(Bloomberg) — DNA4Life offers a $249 test to help customers understand whether their genes put them at risk of having bad reactions to more than 100 common medicines. Interleukin Genetics sells a $169 test that “may help you lose more weight by properly matching diet and exercise plans” to genetic profiles. And DNA-CardioCheck has suggested its test, at $450, is a “reliable method to determine whether or not you might be at risk for developing blood clots which might result in cardiovascular disease.”
See also: Benefits idea: DNA testing
All three companies got letters from the Food and Drug Administration in early November suggesting they didn’t have the proper clearance to sell medical tests to consumers. It’s the latest sign that regulators are concerned about how companies market DNA tests for health insights, sometimes bypassing doctors entirely.
There’s good reason for that worry: For most people, the genetic analysis available today doesn’t provide much meaningful health information at all.
DNA tests can reliably establish family ties, like paternity tests, or reveal a person’s ethnic heritage. They can also tell whether people are at risk for certain rare diseases like cystic fibrosis that are directly linked to genetic mutations, or for passing the risk on to their children.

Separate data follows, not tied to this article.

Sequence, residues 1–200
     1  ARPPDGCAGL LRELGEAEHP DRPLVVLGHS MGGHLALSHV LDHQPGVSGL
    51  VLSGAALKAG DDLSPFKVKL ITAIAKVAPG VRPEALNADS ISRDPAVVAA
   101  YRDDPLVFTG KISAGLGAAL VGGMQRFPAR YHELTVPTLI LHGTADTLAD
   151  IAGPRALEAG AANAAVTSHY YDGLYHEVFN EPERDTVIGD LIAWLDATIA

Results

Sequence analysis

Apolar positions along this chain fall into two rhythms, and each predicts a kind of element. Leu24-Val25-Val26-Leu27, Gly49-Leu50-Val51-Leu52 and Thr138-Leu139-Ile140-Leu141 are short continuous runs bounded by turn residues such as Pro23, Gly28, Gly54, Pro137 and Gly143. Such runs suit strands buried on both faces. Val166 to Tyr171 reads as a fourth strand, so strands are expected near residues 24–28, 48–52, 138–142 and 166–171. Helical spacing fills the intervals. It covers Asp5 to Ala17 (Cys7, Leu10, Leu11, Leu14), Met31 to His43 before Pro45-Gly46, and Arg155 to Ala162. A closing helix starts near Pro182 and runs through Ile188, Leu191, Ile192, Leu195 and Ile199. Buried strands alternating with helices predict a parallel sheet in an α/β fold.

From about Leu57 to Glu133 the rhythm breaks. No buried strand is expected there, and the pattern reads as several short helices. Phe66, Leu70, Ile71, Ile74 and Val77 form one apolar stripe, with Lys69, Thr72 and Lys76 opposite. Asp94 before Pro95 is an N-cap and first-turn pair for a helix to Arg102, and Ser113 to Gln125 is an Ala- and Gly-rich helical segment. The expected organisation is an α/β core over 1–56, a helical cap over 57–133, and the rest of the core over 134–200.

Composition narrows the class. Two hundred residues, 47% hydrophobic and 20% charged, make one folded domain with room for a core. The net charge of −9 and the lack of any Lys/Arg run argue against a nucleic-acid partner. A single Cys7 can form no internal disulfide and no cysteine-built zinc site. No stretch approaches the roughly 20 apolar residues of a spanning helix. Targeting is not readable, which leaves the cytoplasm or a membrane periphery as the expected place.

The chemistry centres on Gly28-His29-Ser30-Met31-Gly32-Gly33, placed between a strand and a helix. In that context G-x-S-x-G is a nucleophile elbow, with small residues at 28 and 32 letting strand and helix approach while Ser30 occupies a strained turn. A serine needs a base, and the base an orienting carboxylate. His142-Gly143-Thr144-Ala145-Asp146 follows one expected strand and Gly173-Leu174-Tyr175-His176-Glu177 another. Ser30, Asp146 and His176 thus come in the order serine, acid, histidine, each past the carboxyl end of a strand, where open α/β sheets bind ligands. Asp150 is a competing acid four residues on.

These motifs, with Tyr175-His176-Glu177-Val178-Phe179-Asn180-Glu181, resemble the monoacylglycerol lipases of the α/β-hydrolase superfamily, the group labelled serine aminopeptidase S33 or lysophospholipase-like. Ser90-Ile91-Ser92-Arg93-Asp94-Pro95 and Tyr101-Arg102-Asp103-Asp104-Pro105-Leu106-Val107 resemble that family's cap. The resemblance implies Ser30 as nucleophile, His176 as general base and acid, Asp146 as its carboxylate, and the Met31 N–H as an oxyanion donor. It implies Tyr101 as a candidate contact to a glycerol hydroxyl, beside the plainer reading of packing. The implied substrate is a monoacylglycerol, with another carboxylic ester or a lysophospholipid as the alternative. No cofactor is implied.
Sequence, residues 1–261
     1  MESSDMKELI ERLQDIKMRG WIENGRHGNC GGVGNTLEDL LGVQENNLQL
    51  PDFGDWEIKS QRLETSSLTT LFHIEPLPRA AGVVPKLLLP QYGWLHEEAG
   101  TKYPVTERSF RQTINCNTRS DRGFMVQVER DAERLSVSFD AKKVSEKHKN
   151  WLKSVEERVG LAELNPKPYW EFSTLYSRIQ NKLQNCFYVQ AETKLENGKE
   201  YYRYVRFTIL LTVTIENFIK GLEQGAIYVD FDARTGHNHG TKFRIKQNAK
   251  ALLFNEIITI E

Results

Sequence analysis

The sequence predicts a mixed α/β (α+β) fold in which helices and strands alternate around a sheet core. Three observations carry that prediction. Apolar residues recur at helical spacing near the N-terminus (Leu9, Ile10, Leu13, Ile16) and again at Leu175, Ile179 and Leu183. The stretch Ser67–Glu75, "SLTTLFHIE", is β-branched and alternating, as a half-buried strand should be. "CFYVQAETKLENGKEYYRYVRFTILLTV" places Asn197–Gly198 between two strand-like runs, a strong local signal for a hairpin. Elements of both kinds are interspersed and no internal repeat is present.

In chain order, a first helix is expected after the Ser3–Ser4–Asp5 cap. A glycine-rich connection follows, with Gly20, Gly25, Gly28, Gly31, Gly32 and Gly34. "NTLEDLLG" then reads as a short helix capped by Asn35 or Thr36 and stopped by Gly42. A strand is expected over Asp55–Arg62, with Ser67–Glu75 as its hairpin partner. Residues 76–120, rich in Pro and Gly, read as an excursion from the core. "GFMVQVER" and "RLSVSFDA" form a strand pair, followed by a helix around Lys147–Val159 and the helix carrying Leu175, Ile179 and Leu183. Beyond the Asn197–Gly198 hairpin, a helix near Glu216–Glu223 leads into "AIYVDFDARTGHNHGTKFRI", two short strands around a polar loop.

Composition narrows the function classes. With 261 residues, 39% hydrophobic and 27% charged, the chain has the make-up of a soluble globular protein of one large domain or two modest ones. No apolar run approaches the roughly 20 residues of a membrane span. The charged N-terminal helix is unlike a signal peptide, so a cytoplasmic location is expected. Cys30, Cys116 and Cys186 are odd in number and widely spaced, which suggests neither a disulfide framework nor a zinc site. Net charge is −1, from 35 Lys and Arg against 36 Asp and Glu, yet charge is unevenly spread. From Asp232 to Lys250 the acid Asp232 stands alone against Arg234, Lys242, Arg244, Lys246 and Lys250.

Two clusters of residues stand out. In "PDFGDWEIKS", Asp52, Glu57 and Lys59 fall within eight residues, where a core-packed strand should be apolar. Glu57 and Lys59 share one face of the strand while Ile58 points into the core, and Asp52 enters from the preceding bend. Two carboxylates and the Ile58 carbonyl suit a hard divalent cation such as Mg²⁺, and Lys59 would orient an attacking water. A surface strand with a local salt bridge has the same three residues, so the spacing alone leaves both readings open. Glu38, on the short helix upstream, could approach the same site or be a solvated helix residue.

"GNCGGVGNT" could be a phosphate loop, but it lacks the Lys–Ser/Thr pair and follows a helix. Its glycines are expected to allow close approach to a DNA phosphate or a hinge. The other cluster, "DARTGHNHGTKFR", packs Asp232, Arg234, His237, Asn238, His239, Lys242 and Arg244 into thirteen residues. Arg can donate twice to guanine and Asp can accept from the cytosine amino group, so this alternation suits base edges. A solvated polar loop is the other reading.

But when it comes to information relevant to people’s health, especially about common conditions like heart disease or diabetes, the value of genetics becomes much murkier.
“Right now, almost all of this is premature and not terribly useful to individuals,” said George Annas, a Boston University bioethics professor and co-author of Genomic Messages, a book about how genetics is changing medicine. “It’s complicated, and these testing companies are trying to make it appear that it’s much more simplistic so they can sell you a product.”
Companies see a gold mine in turning genetic data into information people can use to stay healthy or battle illness. A few years ago, Booz Allen Hamilton estimated that there were nearly 3,000 tests available; market researcher Technavio says the industry is growing by close to 10 percent a year. Many of these tests are available only through health care providers.